An unbelievably rare collection

Despite being one of the most important scientific works of all time, only a few portions of the original handwritten On the Origin of Species manuscript survive. Those which are being added to the Darwin Online project are two of only nine pages in private hands.

Other important manuscripts going online today include a draft page from Darwin’s other most revolutionary work The Descent of Man, and even the receipt for the book from Darwin’s publisher, “for the Sum of Six Hundred and thirty pounds for the first edition, consisting of 2,500 copies, of my work on the ‘Descent of Man’.”

There are also two draft pages from Darwin’s seminal The Expression of the Emotions in Man and Animals.

Unprecedented insights into Darwin’s work

A page that has never been made public before is some reading notes on ants that Darwin made during his research for On the Origin of Species. The notes informed his examination of slave-making ants which became one of the most widely talked about parts of his famous book.

In addition, there are three very important letters by Darwin. One 1859 letter was written to his former geology professor at Cambridge, Adam Sedgwick, as Darwin nervously sends his radical new On the Origin of Species. Two other important letters are to his colleagues, the biologist T. H. Huxley and the botanist Asa Gray.

Darwin’s handwriting is notoriously difficult to read. As such, the documents have been transcribed, and can be viewed side-by-side with the original manuscript. The newly released documents can be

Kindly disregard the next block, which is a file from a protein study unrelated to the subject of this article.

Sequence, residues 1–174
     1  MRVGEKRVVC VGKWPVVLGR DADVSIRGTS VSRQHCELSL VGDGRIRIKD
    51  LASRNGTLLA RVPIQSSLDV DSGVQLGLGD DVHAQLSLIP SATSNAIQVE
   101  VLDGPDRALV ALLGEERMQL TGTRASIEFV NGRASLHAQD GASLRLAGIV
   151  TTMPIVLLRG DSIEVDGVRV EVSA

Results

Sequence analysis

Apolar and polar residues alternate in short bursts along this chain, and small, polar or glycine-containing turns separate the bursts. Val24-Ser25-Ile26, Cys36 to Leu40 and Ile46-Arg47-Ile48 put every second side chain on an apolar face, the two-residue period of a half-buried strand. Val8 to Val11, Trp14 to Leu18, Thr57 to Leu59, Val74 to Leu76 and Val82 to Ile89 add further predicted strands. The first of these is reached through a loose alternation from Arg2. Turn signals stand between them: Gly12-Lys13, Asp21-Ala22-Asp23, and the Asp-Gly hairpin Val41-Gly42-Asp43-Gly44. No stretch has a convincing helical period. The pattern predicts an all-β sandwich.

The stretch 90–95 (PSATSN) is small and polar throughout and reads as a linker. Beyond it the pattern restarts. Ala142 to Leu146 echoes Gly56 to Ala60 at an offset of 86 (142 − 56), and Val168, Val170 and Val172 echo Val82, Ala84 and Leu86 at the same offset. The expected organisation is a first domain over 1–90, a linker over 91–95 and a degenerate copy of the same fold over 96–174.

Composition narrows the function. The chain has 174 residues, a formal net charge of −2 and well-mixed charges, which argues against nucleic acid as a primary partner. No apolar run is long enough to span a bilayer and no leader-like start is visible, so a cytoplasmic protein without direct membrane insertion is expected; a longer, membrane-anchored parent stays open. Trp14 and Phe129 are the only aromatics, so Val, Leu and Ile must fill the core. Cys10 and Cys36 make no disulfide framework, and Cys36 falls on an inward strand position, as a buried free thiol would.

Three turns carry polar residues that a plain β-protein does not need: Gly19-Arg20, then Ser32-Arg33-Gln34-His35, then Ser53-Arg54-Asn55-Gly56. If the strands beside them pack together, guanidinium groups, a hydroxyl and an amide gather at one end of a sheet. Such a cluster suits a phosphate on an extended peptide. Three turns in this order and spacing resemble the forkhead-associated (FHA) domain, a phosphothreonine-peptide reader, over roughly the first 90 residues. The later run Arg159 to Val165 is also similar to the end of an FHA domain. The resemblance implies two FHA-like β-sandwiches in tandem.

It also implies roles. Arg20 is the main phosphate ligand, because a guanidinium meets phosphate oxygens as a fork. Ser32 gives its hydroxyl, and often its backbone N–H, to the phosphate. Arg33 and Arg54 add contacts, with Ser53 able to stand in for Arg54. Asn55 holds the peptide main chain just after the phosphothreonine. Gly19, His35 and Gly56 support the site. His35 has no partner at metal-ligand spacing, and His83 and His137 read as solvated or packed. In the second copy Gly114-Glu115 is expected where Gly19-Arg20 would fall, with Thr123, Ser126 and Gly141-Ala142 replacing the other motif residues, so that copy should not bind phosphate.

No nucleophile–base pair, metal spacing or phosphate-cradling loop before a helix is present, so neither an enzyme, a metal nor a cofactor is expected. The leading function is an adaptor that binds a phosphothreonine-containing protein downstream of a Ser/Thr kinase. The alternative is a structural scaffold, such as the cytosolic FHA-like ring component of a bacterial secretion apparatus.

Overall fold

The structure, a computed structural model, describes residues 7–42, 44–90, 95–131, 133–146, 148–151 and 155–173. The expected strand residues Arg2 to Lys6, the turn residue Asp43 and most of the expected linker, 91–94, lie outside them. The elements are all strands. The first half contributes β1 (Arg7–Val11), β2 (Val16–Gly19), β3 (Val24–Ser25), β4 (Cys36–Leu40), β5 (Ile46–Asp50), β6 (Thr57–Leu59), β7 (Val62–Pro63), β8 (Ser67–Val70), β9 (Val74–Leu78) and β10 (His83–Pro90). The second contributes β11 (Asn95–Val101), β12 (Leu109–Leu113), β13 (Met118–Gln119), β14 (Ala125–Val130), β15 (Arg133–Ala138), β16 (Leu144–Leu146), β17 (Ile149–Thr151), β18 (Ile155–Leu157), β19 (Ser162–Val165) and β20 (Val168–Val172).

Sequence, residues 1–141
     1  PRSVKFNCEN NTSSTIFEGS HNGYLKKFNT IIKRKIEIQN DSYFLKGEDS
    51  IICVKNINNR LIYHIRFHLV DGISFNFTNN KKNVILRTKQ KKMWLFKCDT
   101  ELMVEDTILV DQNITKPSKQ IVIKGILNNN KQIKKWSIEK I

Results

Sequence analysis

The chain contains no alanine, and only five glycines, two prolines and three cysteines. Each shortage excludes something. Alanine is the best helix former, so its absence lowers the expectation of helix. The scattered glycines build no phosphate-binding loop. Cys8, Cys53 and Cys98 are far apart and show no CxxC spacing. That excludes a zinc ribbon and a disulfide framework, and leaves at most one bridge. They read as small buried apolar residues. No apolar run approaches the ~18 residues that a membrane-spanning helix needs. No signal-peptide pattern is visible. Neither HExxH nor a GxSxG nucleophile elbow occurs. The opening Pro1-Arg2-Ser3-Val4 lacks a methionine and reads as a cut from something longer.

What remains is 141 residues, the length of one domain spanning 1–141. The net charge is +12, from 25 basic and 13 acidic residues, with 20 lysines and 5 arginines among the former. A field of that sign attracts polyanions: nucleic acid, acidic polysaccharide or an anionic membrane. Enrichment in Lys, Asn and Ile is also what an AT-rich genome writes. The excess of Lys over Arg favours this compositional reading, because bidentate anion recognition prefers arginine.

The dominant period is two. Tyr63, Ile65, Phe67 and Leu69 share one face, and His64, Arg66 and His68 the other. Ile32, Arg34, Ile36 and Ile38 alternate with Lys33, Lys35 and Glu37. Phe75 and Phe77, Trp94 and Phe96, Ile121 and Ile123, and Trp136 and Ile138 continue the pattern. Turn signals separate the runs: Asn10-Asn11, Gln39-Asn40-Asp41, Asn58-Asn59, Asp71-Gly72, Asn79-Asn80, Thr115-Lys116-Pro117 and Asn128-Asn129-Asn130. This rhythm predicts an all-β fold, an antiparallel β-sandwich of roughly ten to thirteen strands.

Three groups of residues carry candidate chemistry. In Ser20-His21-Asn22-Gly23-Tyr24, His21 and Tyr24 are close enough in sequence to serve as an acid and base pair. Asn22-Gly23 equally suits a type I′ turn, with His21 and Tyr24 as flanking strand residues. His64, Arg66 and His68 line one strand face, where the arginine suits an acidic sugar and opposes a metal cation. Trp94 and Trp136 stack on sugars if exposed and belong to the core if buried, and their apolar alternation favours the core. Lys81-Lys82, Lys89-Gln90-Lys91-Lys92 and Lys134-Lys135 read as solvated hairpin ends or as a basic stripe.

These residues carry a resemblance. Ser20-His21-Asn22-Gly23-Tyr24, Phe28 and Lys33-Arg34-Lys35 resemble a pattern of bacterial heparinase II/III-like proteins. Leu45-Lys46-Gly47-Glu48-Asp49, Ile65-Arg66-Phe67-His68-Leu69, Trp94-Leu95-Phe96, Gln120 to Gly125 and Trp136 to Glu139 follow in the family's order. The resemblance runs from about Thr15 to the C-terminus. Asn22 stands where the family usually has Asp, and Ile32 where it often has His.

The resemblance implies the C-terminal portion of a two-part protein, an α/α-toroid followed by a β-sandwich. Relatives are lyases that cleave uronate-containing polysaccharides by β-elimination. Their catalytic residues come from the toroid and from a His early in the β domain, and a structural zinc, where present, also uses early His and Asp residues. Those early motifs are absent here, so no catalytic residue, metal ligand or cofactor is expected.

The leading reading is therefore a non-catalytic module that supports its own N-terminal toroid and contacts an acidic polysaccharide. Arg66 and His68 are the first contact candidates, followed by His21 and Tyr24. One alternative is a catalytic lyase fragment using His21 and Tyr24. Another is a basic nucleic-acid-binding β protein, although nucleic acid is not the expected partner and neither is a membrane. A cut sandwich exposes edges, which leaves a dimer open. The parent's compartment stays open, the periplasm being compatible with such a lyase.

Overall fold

Read more

Ugly Species Deserve Biodiversity Protections, Too

By Marie Quinney, Specialist, Nature Action Agenda, World Economic Forum

Last month, the United Nations Global Biodiversity Outlook announced that no government had met a single target to halt biodiversity loss in the last decade. Deforestation rates are increasing, with an estimated 17% of the Amazon rainforest being lost in the last 50 years. Bee populations are at risk due to human activity and, in the US, honey bee populations declined by 60% between 1947-2008 while in Europe, 12 wild bee species are critically endangered.

Some recovery packages are already acknowledging the role of nature in helping the economy recover from COVID-19. In September, leaders from 77 countries pledged to reverse biodiversity loss by 2030 during the UN Biodiversity Summit and negotiations are ongoing to finalise the post-2020 Global Biodiversity Framework.

For any of these efforts to succeed, we must first expand our understanding of biodiversity.

Biodiversity beyond bees

Biodiversity conversations tend to focus on certain plants and animals while ignoring others.

Popular imagination often heralds trees and bees as the cornerstone of nature. For conservation campaigns, it pays – literally – to be a large mammal that people can easily identify with or a species that seems directly useful to humans. “Charismatic megafauna” is a term often employed to describe these eye-catching animals that easily attract donations. We also strive to protect species with obvious commercial interest, such as tuna and the honeybee.

But we are doing ourselves a disservice if we define biodiversity too narrowly.

Many species are too small, too ugly, too few or still undiscovered for us to notice them, and the public is far less likely to consider unattractive animals as vital to protect. Let’s not make these the reasons why they are overlooked. We must not risk letting our notion of beauty simplify natural systems and, for example, let slugs go extinct.

While it is natural for humans to anthropomorphise animals, it does little to reflect their role in an ecosystem. For example, dolphins may be no more worthy of saving than the blobfish.

And as aesthetic and commercial standards dominate, science may get left behind. Public and corporate donors are lining up to save the polar bear, for example, but funds are not being directed to saving life-supporting bacteria.